Preparing Your Garden for Winter

The gardening season is almost over, but there are some loose ends that need your attention.
    Now that the asparagus stems have passed yellow and are turning gray-brown, all of the nitrogen has drained from the stem back into the roots. So the time has come to cut the stems near the ground and clean up the bed. If the bed is infested with such perennial weeds as clover, oxalis, dandelions, plantain or quack grass, it is safe to spray the weeds with glyphosate (Roundup). Add some Weed B Gone if clover is present. Now that the asparagus stems have died, the roots cannot absorb the herbicides.

Caring for Redbud

Q:    After Hurricane Irene, I made a ­Critical Area planting of redbuds. Some prospered wonderfully, but many are afflicted. They’ve been watered a few times as needed. Should they just be left in the hands of God or somehow treated?
–Kent Mountford, Lusby

A: Redbud is not only a drought-tolerant tree, but a short-lived tree as well. As a legume, it likes a pH around 6.5 and does poorly in acid soils. When transplanting them, I always recommend amending the backfill with gypsum so the tree can readily absorb calcium. Redbud and oaks do not go well together.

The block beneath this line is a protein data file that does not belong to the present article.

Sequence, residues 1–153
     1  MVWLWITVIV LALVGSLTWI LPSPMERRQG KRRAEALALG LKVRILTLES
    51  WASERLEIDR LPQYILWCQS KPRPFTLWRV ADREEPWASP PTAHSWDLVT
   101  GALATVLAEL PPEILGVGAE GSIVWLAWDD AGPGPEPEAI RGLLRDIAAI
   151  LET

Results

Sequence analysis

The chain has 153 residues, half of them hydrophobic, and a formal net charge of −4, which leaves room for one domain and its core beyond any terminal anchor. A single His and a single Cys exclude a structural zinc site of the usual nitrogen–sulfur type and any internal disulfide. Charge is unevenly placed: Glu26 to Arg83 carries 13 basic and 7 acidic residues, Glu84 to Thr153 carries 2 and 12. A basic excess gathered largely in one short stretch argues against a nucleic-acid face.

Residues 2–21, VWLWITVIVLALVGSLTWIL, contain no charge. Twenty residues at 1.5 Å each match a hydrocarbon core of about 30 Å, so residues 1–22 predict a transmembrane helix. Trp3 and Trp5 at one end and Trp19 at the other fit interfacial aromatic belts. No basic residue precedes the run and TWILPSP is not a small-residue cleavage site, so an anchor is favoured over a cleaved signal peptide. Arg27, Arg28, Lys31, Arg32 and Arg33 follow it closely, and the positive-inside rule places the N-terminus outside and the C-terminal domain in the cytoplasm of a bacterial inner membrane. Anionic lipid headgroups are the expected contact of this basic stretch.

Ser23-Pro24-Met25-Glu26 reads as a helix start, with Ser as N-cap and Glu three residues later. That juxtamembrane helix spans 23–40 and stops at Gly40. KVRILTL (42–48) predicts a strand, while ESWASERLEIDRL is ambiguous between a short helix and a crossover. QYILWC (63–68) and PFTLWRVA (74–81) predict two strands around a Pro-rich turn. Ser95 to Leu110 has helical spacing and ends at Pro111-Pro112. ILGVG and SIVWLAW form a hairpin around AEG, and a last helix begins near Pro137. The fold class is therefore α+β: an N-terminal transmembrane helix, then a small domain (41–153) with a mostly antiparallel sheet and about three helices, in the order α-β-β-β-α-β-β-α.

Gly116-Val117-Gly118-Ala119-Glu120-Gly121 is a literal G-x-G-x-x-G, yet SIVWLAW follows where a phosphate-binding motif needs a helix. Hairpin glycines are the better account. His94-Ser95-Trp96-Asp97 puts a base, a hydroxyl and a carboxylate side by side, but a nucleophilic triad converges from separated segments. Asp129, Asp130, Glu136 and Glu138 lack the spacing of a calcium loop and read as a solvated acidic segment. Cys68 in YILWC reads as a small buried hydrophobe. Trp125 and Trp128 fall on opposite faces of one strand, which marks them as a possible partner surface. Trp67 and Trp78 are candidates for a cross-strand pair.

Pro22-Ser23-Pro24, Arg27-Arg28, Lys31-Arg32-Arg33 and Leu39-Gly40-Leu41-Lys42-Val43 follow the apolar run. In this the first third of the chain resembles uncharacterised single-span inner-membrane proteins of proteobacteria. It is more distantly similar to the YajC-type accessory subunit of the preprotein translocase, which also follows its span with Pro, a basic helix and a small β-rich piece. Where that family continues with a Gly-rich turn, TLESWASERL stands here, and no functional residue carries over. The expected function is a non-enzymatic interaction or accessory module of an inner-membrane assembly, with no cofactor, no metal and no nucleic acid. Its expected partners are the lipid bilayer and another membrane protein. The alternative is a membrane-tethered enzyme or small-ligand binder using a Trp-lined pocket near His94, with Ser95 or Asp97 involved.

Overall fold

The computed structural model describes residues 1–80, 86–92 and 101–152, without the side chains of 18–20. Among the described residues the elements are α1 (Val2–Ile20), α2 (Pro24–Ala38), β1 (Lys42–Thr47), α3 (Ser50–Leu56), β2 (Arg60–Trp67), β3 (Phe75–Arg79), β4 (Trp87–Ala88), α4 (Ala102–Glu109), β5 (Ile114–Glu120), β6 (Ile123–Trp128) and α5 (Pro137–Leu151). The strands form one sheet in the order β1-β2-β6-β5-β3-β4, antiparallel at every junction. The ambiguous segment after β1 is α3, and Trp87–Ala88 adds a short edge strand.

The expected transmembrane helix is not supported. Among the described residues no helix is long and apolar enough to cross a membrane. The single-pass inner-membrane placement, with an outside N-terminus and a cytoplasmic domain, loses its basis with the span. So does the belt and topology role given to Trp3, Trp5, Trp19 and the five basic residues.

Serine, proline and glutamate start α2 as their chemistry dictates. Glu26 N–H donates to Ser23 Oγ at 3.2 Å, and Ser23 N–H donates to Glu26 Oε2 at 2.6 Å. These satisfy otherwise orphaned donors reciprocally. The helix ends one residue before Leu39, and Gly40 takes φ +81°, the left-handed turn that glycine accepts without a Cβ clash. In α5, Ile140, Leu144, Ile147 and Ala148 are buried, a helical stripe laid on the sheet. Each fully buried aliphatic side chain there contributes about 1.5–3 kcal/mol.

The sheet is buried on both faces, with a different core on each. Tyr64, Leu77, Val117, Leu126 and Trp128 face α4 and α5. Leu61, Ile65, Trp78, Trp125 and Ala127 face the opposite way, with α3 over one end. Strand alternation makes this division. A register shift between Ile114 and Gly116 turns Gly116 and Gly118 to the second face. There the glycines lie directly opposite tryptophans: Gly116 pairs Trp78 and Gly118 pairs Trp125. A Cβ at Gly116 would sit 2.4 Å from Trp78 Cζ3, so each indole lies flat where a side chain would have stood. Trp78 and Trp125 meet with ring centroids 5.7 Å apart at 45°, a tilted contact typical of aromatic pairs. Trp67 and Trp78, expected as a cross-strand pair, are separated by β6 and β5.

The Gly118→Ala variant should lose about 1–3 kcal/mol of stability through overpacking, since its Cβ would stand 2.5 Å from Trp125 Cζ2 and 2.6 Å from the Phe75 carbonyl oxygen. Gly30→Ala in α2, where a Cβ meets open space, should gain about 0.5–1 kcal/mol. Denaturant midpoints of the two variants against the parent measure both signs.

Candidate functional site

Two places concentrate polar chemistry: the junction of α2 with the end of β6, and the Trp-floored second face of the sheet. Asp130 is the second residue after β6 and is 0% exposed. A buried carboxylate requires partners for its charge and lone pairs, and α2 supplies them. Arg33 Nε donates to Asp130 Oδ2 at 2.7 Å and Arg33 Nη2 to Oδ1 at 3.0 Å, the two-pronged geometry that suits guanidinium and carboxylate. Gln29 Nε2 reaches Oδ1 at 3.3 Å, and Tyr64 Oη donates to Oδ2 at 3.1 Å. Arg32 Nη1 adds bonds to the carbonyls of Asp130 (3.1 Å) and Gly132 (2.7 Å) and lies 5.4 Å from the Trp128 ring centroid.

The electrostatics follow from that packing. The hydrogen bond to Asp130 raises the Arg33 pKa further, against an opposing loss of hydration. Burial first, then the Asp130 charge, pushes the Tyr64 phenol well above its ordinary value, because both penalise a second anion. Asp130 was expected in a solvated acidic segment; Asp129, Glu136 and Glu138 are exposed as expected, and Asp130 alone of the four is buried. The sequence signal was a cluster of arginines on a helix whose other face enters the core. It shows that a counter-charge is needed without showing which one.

Ask Dr. Gouin your questions at [email protected] All questions will appear in Bay Weekly. Please include your name and address.

    A dauber is the safest tool for applying these herbicides. Make your own dauber by nailing a two-inch square piece of sponge at the end of a stick. Blend the herbicides at three times the concentration recommend as a spray. Using this technique, you need only mix about a cup of material. Moisten the sponge in the concentrated herbicide and dab the weeds.
    Have you purchased straw for mulching your strawberries? Make certain that you buy straw and not hay to minimize weed invasion. As soon as the ground freezes, spread straw over the plants to provide 80 to 90 percent shade. Do not apply so much straw that it smothers the plants.
    Mow your cover crop if it has grown a foot or more to minimize top growth during the winter months, which will make it easier to plow under in the spring. Do this before you winterize your lawn mower.
    Take time to clean, sharpen and oil your pruning tools so that they will be ready to use next spring. This is also a good time to winterize your lawn mower by emptying the fuel tank, removing and cleaning or replacing the spark plug and placing a few drops of oil on the cylinder head before replacing the sparkplug. Clean or replace the air filter and sharpen the blade.
    You’ll be eager to get in the garden come spring, and you won’t want rusty tools holding you back.